Technically, decluttering should never be an issue. You should always be mindful of everything you own. That way you’ll only ever have what you really need and what you really love. Back in the real world, decluttering is something adults have to deal with and kids have to learn. With that in mind, here are five tips for teaching your kids how to declutter.
Schedule family declutter time
There are lots of advantages to decluttering as a family. The most obvious one is that many hands really do make light work, even if some of those hands are small. Another one is that it can help avoid later arguments. If everyone is together when the decluttering gets done, then everyone can get a say in what gets kept and what goes.
Possibly most importantly of all, it just makes the process more fun and sociable. Your kids get to see you setting the example you want them to follow. Knowing that you’re teaching your kids a valuable life-skill can help you get motivated for the task.
Schedule regular small decluttering sessions
Adults might choose to deal with decluttering by having occasional major purges. Even for adults, however, this is usually far from ideal. For children, it’s a recipe for overwhelm. At best they’ll get bored and switch off. At worst, you could find yourself dealing with tears and tantrums.
Instead, break down your decluttering into regular, manageable, chunks. Instead of choosing a room, choose a part of a room. Instead of choosing a category of items, choose a subcategory of items. This will also give you more time to go through the decluttering process and discuss your options with your children.
Make sure your children benefit from the declutter
If you’re donating items, make sure your children understand why it’s good to pass them along. If you’re selling items, then get your children involved in the sales process. Where appropriate, give them a share of the proceeds.
Decluttering isn’t really about financial gains but they can be a nice bonus. Also, realistically, your children are probably going to want to use online sales at some point in their lives. Selling the items you’ve decluttered can give them the chance to learn about the process.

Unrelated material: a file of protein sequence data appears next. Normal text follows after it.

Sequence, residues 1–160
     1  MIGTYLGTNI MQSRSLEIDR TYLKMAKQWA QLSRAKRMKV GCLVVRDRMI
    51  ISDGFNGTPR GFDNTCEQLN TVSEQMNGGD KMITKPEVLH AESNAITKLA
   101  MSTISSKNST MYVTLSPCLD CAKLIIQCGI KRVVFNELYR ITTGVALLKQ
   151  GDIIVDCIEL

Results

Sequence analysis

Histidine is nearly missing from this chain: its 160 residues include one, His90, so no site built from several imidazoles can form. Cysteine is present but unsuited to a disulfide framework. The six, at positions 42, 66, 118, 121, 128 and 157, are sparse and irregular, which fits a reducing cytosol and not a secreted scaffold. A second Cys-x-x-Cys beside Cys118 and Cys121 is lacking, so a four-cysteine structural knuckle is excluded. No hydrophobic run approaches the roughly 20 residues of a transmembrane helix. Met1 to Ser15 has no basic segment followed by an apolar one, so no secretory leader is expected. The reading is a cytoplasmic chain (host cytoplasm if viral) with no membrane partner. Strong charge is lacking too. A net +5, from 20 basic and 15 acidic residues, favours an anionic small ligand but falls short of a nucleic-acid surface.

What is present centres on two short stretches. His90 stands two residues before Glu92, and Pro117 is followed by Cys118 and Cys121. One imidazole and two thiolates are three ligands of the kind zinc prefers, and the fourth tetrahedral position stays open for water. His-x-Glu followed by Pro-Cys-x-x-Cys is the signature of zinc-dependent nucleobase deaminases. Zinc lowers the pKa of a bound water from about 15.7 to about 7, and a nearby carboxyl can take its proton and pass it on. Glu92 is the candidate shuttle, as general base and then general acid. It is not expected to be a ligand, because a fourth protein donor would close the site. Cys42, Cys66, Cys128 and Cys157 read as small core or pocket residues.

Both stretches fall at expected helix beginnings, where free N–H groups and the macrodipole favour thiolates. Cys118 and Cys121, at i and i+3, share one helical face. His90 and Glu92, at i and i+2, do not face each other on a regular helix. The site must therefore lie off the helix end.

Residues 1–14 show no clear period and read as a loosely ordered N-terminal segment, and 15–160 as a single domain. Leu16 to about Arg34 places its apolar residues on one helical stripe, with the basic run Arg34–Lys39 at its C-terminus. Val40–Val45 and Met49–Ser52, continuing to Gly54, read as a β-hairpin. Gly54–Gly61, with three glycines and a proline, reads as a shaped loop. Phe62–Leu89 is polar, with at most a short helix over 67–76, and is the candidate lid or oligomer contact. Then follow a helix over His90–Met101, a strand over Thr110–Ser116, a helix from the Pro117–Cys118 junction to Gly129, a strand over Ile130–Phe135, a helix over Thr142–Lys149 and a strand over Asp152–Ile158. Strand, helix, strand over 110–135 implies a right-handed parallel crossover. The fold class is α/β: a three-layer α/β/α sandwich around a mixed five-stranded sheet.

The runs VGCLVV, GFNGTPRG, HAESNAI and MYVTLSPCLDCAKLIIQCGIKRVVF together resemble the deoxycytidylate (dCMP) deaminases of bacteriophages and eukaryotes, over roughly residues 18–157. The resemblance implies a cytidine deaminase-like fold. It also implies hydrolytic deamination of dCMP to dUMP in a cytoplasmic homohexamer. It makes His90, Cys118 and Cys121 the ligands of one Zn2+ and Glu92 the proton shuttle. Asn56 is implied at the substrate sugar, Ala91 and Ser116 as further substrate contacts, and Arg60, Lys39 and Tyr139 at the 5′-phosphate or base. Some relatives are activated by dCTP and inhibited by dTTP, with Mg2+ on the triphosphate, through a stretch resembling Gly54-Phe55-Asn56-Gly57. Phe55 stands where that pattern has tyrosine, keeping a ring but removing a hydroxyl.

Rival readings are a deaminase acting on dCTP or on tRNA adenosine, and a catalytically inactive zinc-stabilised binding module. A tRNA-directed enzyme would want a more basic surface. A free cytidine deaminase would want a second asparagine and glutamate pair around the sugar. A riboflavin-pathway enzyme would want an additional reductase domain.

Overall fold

Commit to repairs (and upcycles)
A standard approach to decluttering involves dividing items into five piles – keep, sell, donate, repair/upcycle, recycle/bin. The idea of the repair/upcycle pile is that you fix/upcycle it and then decide whether or not you want to keep it. In the real world, however, what often happens is that this pile just sits there gathering dust. Eventually, it lands in the recycling or the bin.
This is totally understandable when you’re pushed for time. It is, however, a really bad example to set for your kids. Not only is it bad for the environment, but it can also waste a lot of money. Commit to doing those repairs or having them done for you. Use the process to teach your kids even more valuable life-lessons.
Firstly, you can teach your kids how to do basic repairs themselves. If you don’t know how to do a repair job, you and your kids can research it online. Secondly, you can help your kids learn to assess when they can do repairs themselves and when they should call in the pros.
You can also teach them about what to look for when hiring professionals such as tradespeople. For example, there’s a lot more to hiring a reputable local electrician than just searching “electrician near me” (although this can definitely be a good place to start).
Talk to your kids about safe decluttering
Safe decluttering essentially means ensuring that items are depersonalized before you send them on their way. It doesn’t actually matter if they’re being donated, sold, recycled, or binned. The key point is that they’re going out of your immediate control.
With most items, this basically just means giving the item a quick once-over to make sure that there’s nothing identifiable in it. This is also a good opportunity to have a last check for valuables in small places like pockets and pouches. With electronics, however, you need to be a lot more cautious.
The key point to understand is that just deleting data from an electronic device does not (usually) wipe it completely. You can think of a regular deletion as being like using an eraser on a pencil marking. It gets rid of most of it but you can usually still see the traces of where the pencil has been.
At a minimum, therefore, electronic devices should be reset to factory settings before they are passed on, even to recycling. In some cases, it may be best to buy software to give them a proper deep clean before moving them on.